After the flotilla affair renderred the Israeli GLBT community unwanted in Madrid, a million and a half participants painted the streets of Cologne in the colors of the rainbow flag during a gay pride parade considered one of the largest in Europe.
Maybe precisely because of the recent political storm, there was an unexpected spectacle – members of the Iranian community in exile marched side by side with Israelis, openly embracing before the crowds and cameras of the international media which rushed to document the unusual event.
The Israeli delegation arrived by special invitation from the city of Cologne. As they marched carrying Israeli flags alongside the rainbow flags, Iranians joined them carrying Iranian flags from the Shah period, before the Islamic Revolution.
Iranian-Israeli partnership in Cologne (Photo: Mandy Michaeli)
One Iranian said he was forced to flee Iran just a month ago after he was identified by the authorities as a gay activist and persecuted.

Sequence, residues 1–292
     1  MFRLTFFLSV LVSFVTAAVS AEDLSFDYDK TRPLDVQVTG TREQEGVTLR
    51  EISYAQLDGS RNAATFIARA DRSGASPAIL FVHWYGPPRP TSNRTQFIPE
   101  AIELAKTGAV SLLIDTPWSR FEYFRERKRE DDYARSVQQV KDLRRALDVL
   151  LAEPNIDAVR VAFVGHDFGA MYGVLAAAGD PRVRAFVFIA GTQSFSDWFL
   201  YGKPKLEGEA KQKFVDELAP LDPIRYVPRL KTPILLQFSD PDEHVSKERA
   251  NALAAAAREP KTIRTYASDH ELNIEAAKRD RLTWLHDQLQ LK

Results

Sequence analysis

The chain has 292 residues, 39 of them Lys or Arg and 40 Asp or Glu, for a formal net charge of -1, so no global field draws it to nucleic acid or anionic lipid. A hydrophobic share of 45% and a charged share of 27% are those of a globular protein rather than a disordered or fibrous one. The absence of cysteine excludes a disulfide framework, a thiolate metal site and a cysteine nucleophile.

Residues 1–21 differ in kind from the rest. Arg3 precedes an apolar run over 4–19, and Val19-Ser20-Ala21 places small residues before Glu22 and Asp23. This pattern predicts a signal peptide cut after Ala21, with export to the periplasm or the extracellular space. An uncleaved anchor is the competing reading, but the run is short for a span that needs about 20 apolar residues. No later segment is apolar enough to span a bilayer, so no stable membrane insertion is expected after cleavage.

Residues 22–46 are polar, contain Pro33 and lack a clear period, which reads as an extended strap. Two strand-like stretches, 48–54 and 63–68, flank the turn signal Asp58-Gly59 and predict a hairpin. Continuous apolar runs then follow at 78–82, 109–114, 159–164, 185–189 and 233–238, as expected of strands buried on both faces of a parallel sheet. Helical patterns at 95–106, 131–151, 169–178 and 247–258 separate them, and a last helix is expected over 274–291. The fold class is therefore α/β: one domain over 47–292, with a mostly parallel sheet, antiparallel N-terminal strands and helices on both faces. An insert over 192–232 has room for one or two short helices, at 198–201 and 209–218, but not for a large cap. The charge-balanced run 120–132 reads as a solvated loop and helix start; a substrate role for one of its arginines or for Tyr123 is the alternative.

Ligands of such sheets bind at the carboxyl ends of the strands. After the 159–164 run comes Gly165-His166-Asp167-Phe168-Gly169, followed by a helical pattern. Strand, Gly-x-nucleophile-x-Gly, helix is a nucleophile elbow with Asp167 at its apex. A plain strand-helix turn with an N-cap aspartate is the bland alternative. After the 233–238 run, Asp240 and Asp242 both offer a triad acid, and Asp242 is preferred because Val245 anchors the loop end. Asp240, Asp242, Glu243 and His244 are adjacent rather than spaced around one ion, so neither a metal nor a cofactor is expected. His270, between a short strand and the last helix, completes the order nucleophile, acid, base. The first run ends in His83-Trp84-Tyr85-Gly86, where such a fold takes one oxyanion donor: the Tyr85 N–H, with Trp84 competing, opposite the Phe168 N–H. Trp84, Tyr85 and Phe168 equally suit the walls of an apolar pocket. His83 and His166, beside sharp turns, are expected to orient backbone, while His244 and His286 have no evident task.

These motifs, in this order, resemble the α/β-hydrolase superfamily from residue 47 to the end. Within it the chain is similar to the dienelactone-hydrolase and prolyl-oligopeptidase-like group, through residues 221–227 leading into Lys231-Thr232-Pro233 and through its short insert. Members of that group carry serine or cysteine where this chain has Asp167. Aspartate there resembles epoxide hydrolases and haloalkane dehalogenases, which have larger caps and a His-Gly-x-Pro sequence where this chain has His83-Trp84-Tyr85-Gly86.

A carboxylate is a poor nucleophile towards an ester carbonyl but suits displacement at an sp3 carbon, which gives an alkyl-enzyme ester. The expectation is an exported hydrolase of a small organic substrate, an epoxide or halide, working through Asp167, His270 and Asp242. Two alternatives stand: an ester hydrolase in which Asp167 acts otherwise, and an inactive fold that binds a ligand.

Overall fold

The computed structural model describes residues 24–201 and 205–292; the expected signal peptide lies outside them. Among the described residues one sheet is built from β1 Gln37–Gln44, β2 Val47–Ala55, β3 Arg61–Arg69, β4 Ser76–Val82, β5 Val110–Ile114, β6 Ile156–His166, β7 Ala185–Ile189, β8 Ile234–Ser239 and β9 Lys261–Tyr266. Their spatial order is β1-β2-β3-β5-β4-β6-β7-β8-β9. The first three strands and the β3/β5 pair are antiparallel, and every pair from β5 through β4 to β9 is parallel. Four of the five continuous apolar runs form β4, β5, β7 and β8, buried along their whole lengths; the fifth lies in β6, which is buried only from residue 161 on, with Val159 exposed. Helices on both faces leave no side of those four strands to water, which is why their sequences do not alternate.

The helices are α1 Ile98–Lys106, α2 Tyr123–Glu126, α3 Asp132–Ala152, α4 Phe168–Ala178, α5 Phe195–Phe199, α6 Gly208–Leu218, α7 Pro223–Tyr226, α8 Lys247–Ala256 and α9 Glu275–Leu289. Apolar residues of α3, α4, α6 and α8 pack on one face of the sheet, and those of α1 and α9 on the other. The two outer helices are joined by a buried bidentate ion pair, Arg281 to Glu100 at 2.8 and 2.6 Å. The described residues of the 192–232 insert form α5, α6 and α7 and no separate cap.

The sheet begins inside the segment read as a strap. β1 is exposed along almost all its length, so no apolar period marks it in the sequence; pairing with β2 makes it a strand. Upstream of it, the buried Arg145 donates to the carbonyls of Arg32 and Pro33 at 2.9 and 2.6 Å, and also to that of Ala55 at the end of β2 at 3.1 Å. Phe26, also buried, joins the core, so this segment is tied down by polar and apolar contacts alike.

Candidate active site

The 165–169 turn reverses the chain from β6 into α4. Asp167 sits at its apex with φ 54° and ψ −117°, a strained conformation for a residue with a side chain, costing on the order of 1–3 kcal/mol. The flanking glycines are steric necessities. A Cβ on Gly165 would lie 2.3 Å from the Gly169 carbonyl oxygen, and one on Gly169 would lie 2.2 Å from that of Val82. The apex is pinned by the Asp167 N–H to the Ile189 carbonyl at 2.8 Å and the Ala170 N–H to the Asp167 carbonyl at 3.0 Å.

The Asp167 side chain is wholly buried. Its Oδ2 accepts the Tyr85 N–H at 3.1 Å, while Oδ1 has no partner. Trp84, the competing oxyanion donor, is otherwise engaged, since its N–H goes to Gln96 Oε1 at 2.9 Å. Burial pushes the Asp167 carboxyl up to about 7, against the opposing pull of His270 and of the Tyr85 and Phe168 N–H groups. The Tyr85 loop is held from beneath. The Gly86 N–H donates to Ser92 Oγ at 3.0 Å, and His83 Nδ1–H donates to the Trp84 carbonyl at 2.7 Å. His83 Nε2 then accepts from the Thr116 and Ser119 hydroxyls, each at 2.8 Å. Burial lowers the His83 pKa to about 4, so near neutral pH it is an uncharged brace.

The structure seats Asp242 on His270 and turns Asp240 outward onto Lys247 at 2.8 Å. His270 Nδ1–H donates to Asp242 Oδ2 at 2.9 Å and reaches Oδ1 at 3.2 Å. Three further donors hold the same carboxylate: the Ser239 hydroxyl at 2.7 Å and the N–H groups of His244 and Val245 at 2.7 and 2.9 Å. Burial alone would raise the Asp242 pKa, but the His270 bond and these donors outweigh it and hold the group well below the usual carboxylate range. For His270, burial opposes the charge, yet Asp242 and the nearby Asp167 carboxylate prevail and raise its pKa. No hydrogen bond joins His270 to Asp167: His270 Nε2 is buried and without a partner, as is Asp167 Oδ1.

The Israeli delegation marched at the front of the parade along with Cologne's mayor Jurgen Rutters.
"Even Turks joined us together with representatives from Russia, Ukraine and other states where it is hard to be gay," Adir Steiner said to Ynet.
Steiner, who coordinates gay pride events in Tel Aviv, said that "one of them asked me why Israel can't be a refuge for Iranian gays who are persecuted by the regime. I told him the situation is not black-and-white, and that Iran is a hostile state and it's forbidden for its citizens to enter Israel."
Yaniv Weizman from Tel Aviv municipality said, "The participation of Tel Aviv representatives is an excellent opportunity to show tens of thousands of participants the beautiful face of Israel, tolerant and open, and Tel Aviv as one of the most fascinating cities in the world today for gay tourists."